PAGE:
|4463025||Process for preparing a citrus fruit juice concentrate||July, 1984||Strobel||426/599|
|4374865||Orange juice concentrate||February, 1983||Strobel||426/599|
|4314455||Freeze concentration apparatus and process||February, 1982||Engdahl||62/124|
|4004886||Two stage continuous process and apparatus for crystallization||January, 1977||Thijssen et al.||23/273|
|3872009||APPARATUS FOR THE SEPARATION AND TREATMENT OF SOLID PARTICLES FROM A LIQUID SUSPENSION||March, 1975||Thijssen||210/178|
|3777892||APPARATUS FOR THE SEPARATION AND TREATMENT OF SOLID PARTICLES FROM A LIQUID SUSPENSION||December, 1973||Thijssen||210/178|
|3205078||Method of concentrating citrus juice||September, 1965||Lund||99/205|
|3140187||Orange concentrate and method of making||July, 1964||Brent||99/205|
|2815288||Crystal purification||December, 1957||McKay||99/205|
|2588337||Concentration of orange juice||March, 1952||Sperti||99/205|
|2599204||Valve operating mechanism||July, 1951||Wenzelberger||62/170|
|2552525||Apparatus for the dehydration of water-bearing substances||May, 1951||Wenzelberger||62/124|
|2552523||Method of extracting liquids from a solution to effect concentration||May, 1951||Cunningham||62/124|
|2354633||Process for producing fruit or vegetable juice concentrate||July, 1944||Bedford||99/205|
|2292460||Process of preparing orange beverage||August, 1942||McKinnis||426/599|
|2187572||Method of concentrating citrus fruit juices||January, 1940||Meinzer||426/384|
This is a continuation-in-part of U.S. application Ser. No. 283,762, filed July 16, 1981, now U.S. Pat. No. 4,463,025, issued July 31, 1984, to Strobel, which is a continuation-in-part of U.S. application Ser. No. 171,056, filed July 22, 1980, now abandoned.
(1) at least 35% total solids, comprising pulp, non-volatile compounds, and volatile compounds, the balance being water;
(2) two of the volatile compounds being ethyl butyrate and limonene;
(3) at least 0.10% of the volatile compounds being ethyl butyrate;
(4) a proportion of the ethyl butyrate to the limonene being in the range of from about 0.0005:1 to about 0.6:1;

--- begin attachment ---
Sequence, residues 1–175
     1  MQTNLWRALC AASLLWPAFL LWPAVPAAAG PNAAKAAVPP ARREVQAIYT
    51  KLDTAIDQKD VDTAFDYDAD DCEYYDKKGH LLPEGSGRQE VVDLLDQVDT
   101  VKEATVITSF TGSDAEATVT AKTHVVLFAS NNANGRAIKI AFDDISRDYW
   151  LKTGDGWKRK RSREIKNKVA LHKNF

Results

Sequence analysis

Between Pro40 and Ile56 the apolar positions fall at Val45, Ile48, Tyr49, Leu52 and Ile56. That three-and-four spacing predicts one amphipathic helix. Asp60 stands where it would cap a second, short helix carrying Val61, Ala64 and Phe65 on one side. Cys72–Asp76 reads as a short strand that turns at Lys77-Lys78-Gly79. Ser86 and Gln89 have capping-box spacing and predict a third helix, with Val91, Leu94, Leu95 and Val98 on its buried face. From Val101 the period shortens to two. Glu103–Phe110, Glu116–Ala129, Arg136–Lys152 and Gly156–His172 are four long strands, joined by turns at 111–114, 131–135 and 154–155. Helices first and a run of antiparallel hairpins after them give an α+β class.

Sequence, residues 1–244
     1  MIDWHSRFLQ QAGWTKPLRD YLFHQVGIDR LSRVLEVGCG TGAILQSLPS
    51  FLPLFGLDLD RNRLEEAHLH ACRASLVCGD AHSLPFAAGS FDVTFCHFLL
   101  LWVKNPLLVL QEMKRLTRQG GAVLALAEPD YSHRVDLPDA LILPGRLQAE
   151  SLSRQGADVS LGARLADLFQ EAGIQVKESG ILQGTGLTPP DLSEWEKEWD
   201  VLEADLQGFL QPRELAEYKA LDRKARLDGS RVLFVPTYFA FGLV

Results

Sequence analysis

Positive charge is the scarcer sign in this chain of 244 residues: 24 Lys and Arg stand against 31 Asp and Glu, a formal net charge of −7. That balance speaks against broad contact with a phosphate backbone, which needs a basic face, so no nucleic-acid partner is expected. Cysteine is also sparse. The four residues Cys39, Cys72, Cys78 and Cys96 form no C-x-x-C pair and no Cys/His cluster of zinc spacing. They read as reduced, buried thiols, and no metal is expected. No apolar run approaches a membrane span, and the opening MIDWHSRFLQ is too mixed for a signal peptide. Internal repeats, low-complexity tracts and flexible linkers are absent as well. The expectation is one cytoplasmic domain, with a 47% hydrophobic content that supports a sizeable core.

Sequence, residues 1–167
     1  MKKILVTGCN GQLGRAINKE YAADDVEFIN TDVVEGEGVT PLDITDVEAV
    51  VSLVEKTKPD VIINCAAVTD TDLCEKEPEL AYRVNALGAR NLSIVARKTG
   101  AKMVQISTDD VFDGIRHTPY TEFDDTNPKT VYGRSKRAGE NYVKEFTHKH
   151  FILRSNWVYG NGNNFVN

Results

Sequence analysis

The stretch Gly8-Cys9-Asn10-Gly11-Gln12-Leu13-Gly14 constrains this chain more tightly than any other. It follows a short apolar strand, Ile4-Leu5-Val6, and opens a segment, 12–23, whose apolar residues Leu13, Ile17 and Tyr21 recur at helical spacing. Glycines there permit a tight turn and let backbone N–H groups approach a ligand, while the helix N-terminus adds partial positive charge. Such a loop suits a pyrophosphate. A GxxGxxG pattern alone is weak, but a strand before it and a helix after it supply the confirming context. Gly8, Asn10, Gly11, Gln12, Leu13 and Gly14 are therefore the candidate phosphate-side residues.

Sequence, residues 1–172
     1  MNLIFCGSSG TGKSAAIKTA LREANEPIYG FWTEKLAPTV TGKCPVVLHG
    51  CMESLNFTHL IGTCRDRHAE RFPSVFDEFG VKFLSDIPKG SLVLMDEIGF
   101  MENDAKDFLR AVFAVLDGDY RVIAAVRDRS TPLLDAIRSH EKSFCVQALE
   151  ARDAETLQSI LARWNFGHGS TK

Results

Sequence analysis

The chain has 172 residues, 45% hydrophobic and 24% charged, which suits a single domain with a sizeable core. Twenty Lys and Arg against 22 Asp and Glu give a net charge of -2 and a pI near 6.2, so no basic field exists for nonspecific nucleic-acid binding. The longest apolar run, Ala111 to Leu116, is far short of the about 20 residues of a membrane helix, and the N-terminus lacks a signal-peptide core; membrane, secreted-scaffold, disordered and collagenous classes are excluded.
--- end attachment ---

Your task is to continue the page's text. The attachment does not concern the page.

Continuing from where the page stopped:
(5) said volatile compounds comprising a low boiling and a high boiling fraction, wherein the ratio of the low boiling to high boiling fraction is at least 1.5:1,
the amounts in proportions of the volatile compounds being determined by a gas chromatographic analysis of the headspace volatile compounds released from a equilibrated sample of single strength grapefruit juice made from the concentrate at a temperature of 40° C.
Grapefruit, like most citrus fruits and vegetables, have specific growing seasons. They grow only under certain climatic conditions, i.e., tropical and subtropical, such as occur in regions of Florida, Arizona, California, Texas, Brazil, Spain, Italy, Israel and Egypt, and are available in fresh form for only a portion of the year. In order to have grapefruit juice in good quality available year round, the grapefruit juice must be processed for storage and distribution. Since most citrus juices contain about 80 to 90% water, the most economical way to store and distribute the juice is in the form of a concentrate. The bulk of citrus juice commercially processed in the United States since 1950 has been as frozen concentrate.
The difficulty of producing a unique citrus juice concentrate having superior quality can be appreciated when one considers that citrus juice concentrates and other juice concentrates have been available for several decades, and that natural citrus juice products are enjoyed by a large proportion of the general public. Thus, in order to find broad acceptance, a new grapefruit juice concentrate product must overcome the acquired taste preferences of a large segment of the orange juice-consuming public.